Madison, Wisconsin (CNN) -- A left-leaning website that union supporters used to rally protesters in Wisconsin was partially blocked as demonstrators gathered in the state Capitol over a controversial budget bill.
The website, defendwisconsin.org, could not be accessed on Monday and into Tuesday morning in the Capitol building, where crowds assembled over proposed legislation that would increase the costs of benefits to public employees and curb their collective-bargaining rights.
Wisconsin Democratic Party press secretary Graeme Zielinski blamed Gov. Scott Walker and Republican lawmakers -- who returned to work Tuesday -- for causing the outage.
"In a direct assault on the First Amendment, Scott Walker's administration is blocking access in the Wisconsin Capitol to opposition websites," Zielinski said.
The governor's spokesman, Cullen Werwie, responded Tuesday, calling the accusation "a lie."
"The Department of Administration blocks all new websites shortly after they are created, until they go through a software approval program that unblocks them," Werwie said. "Within 30 minutes of being notified this website was blocked, DOA circumvented the software and immediately made the website accessible."
He said, "The Democratic Party should spend less time lying about Gov. Walker and more time trying to get their AWOL state senators back to Wisconsin," referring to Democratic efforts to prevent a quorum in the Senate.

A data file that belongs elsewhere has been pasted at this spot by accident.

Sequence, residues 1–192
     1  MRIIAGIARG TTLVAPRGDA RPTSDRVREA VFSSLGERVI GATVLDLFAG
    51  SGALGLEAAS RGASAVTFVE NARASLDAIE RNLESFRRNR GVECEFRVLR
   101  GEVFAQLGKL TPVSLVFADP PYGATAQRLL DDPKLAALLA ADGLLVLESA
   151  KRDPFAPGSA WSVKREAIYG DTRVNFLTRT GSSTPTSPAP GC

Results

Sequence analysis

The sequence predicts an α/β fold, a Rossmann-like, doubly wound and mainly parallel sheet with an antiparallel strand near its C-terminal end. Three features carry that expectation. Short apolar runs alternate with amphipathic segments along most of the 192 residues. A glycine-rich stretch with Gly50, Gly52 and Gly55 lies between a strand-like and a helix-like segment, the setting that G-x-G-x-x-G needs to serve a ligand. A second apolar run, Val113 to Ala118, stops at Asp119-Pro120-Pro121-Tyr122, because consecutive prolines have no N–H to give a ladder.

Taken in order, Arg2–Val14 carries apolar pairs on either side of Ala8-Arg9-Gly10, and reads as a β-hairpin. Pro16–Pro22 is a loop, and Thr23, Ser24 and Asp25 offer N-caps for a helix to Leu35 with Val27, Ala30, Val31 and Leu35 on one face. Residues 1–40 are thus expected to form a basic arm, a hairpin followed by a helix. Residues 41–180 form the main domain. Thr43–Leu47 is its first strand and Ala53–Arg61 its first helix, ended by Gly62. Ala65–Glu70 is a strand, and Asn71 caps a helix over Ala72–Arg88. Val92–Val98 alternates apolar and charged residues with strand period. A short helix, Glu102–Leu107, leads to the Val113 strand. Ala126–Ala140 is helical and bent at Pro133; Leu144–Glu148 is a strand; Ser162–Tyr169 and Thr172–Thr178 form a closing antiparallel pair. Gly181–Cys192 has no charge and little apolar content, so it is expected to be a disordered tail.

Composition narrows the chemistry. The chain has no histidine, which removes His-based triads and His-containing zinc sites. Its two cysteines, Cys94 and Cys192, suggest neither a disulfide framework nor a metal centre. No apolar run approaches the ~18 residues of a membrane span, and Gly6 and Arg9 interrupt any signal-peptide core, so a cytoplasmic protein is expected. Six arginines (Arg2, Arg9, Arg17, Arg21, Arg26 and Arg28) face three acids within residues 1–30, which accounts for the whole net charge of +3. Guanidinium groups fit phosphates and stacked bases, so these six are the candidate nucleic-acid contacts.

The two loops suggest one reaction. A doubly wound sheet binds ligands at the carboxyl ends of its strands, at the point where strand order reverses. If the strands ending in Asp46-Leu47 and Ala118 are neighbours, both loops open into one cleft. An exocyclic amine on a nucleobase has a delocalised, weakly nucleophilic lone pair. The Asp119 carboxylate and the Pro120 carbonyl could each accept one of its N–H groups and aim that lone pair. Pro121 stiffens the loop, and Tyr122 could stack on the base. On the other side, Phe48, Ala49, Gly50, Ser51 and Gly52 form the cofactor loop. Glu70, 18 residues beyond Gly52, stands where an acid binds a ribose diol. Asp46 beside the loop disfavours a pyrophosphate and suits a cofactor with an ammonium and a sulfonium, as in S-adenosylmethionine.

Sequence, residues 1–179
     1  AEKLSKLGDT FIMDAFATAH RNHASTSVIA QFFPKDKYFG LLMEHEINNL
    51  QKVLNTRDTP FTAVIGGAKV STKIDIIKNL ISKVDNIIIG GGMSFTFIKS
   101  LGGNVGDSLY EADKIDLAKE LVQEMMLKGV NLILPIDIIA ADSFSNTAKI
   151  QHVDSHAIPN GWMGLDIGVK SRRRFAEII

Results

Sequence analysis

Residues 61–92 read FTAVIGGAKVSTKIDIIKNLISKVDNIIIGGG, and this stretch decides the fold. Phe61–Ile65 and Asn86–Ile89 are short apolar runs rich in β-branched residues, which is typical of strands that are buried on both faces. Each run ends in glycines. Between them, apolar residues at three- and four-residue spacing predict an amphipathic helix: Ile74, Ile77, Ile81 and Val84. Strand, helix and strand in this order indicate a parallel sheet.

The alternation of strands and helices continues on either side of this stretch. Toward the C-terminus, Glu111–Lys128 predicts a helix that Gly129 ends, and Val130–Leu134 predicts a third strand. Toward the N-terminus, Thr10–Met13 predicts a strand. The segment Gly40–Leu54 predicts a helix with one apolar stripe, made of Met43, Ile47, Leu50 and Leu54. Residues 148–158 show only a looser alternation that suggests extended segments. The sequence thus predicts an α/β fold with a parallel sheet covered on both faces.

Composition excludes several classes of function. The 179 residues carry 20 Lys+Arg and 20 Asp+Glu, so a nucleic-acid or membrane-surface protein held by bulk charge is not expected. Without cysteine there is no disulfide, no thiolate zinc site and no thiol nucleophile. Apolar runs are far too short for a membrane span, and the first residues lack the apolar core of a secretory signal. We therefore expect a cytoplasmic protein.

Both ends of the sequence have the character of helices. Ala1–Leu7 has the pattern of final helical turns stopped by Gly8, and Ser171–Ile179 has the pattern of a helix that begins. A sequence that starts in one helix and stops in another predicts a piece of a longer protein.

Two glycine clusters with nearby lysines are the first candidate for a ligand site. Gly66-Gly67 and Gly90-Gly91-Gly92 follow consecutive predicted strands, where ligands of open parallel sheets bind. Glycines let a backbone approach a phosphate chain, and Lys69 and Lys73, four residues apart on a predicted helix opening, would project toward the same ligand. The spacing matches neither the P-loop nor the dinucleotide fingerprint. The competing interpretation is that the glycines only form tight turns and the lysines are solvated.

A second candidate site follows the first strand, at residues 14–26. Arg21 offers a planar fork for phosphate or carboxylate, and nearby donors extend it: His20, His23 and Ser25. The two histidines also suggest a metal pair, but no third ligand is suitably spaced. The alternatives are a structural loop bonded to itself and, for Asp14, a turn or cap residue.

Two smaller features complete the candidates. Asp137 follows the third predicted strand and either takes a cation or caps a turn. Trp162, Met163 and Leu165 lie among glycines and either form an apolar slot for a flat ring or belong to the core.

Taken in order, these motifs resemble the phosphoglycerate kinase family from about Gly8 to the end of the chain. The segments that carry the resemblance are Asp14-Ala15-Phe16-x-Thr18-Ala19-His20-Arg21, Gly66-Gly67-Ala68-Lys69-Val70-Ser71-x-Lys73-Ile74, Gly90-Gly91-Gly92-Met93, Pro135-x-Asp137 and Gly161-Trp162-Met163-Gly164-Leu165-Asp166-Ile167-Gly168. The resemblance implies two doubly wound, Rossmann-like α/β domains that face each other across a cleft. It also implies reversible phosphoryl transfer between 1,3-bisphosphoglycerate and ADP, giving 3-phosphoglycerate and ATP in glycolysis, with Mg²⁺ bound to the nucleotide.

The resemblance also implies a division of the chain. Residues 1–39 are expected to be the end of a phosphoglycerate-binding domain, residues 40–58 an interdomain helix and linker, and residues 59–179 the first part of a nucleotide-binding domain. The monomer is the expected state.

The Capitol internet service, which restricts access to certain websites considered inappropriate for lawmakers, revealed a "blocked page" when users tried to access the site using the building's wireless system.
Users were able to access the site elsewhere.
The outage comes on the heels of a speech by Walker, who defended the budget proposal and criticized unions for squandering state coffers and impeding fiscal reform.
"We're broke," he told reporters Monday. "You really can't negotiate when you don't have money to negotiate with."
Unions have argued that collective bargaining -- a process of negotiations meant to regulate working conditions -- has helped protect wages and health care, enforce workplace safety and serve as a means to arbitrate employee grievances.
The budget-repair bill, proposed by Walker to address a $137 million shortfall through June 30, would increase contributions of state workers to their pensions and health insurance benefits. It requires collective-bargaining units to conduct annual votes to maintain certification. It also eliminates the right of unions to have dues deducted from worker paychecks.
Walker warned that not passing the proposed bill would result in at least 1,500 government employees being laid off in the short term and could result in the layoffs of upward of 6,000 workers in the following budget cycle.
Last week, 14 Democratic state senators essentially boycotted the Legislature and went to Illinois to prevent a quorum from passing the bill. The measure's opponents said they won't allow a vote unless Walker negotiates on the plan to eliminate collective-bargaining rights for everything but wages.
CNN's Chris Welch contributed to this report.